I really think rap and hip-hop gets a lot of its bad... rap...
Please excuse me while I reprise my role in corpse disposal.
... ... ...
Alright. Aesthemic is right, the biggest problem with rap music is not the music itself, it is what is presented from the genre by record labels. First of all, the drugs/sex/alcohol party sells, but not because of the drugs/sex/alcohol. Even the rappers that I revile the most all seem to rap their hardest on their braggadocio tracks. Braggadocio is, by definition, aggressive bragging, which means that the lyrics are written to be spoken roughly.
I happen to love the braggadocio sub-genre because it can get very cheesy, but it's easy to see why it alienates people from rap music as a whole. So the criticism from outsiders mainly comes from a perspective of disliking hedonism or gangstahood, which is often present in braggadocio rap. I can hate those songs for their lyrical content, but I can enjoy them for their style.
But music is, and historically has been, capable of being used to tell stories or inform. Just think back the Vietnam era, where Edwin Starr's War
appeared. It can be used to inform, inspire, and entertain, and rap music isn't an exception. It can cause emotion just as it comes from a place of emotion.
In the greater hip-hop and rap culture, the mainstream are often seen as sellouts. There's a lot of anger in it at times. Most often I see braggadocio rap being used as a "fuck you" to a rap artist's or group's detractors, but it is also from a place of insecurity. They have to justify to themselves where they've come from and where they're going.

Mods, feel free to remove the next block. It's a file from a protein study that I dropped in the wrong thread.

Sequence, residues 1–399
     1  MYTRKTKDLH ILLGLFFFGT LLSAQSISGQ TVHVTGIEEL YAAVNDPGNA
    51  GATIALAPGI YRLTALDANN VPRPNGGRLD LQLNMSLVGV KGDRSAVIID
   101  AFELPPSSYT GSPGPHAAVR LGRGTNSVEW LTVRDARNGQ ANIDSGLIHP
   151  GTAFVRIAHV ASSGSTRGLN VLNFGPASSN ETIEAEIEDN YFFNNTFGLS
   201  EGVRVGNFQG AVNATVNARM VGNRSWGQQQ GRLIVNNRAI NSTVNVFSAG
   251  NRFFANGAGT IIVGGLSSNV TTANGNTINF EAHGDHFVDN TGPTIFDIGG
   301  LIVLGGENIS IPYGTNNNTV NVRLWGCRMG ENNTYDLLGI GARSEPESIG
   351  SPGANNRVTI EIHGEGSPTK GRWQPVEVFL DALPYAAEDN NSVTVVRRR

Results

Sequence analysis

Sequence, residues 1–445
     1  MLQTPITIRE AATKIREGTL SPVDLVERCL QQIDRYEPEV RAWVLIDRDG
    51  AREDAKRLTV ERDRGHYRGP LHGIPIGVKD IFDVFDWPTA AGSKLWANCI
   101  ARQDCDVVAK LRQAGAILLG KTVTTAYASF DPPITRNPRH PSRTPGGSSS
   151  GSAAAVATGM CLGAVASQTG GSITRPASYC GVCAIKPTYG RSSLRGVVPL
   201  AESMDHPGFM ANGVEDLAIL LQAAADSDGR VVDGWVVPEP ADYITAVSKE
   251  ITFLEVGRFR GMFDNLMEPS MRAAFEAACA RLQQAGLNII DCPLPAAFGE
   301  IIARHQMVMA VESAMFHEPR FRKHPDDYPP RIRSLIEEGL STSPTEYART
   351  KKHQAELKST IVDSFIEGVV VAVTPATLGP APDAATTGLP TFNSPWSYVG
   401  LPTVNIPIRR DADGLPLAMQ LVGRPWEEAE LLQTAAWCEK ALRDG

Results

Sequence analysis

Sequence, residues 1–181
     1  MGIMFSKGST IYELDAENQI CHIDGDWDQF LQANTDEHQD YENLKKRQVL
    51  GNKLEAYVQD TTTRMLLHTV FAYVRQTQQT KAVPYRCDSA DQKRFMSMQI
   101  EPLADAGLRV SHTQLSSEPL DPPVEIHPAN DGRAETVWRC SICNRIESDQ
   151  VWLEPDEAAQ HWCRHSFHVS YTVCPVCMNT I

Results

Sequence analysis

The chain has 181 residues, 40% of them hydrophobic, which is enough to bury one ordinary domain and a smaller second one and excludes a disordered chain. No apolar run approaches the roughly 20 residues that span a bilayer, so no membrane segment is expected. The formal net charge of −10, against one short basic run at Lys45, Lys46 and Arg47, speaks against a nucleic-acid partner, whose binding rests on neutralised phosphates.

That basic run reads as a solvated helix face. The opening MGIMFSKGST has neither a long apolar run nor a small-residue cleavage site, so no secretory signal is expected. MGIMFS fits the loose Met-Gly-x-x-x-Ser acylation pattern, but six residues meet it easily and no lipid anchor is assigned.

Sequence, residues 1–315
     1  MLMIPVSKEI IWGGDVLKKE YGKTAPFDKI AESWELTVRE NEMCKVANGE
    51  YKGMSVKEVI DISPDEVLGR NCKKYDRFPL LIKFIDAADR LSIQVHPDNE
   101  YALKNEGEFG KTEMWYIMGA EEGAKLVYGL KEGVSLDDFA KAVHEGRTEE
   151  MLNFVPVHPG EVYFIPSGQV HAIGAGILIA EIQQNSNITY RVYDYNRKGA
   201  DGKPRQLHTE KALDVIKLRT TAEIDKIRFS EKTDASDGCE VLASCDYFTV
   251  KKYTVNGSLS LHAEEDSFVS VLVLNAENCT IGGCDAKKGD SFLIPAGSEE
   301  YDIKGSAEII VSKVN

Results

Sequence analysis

I'm gonna drop this here.
El-P's Last Good Sleep
, a song he wrote and rapped with Company Flo, from the album Fun Crusher Plus. This is not him bragging, this is not about drugs or sex. This is about when he was growing up with an abusive alcoholic stepfather. It's very depressing! It's also an example of what Aesthemic said he liked, music that tells stories or stimulates his mind, but it's not the best example of what you'll find when you try to get into rap music.
More often than not, when you try to get into rap music, you either have to ask around or just dive into the shit and hope you find something you like. I started with House of Pain, because Top O' The Morning To Ya
is a fun song and I liked the beats. Now, I can't go back to House of Pain like I can with El-P, because House of Pain has maybe two or their thought provoking, narrative heavy songs to El-P's entire albums of them. There's a backdrop to House of Pain- that is, it's based on the Irish crime families in New York- but it's hard to see by the lyrical content.
And actually, House of Pain was the only group I listened to for a long while, until La Coka Nostra, a sort of reunion project for most of the members of La Coka Nostra appeared. I don't even like La Coka Nostra for the most part, except for two songs
, because La Coka Nostra exemplifies the greatest problem people have with rap music- every song really is about drugs and sex in some way. I like the rappers- I mean, Everlast did an interesting solo country-rock stint for several years after House of Pain broke up in '96- I just don't like the project. A Brand You Can Trust
is worth listening to because it's sharp lyrically, but it is also alienating all at once. I think my point there is that I can acknowledge that there might be some rap music that is unpleasant, but it falls down to taste. I don't like rap music that glorifies junkie/pusher life, and I think thug life rap is generally pretty silly.
What really got me into rap music was Killer Mike with Ric Flair
. It has this mix of cheesiness and motivation, and the beat is catchy enough to make you nod your head incessantly to it. It's easy listening. That's good rap music, and I don't think most people will argue it.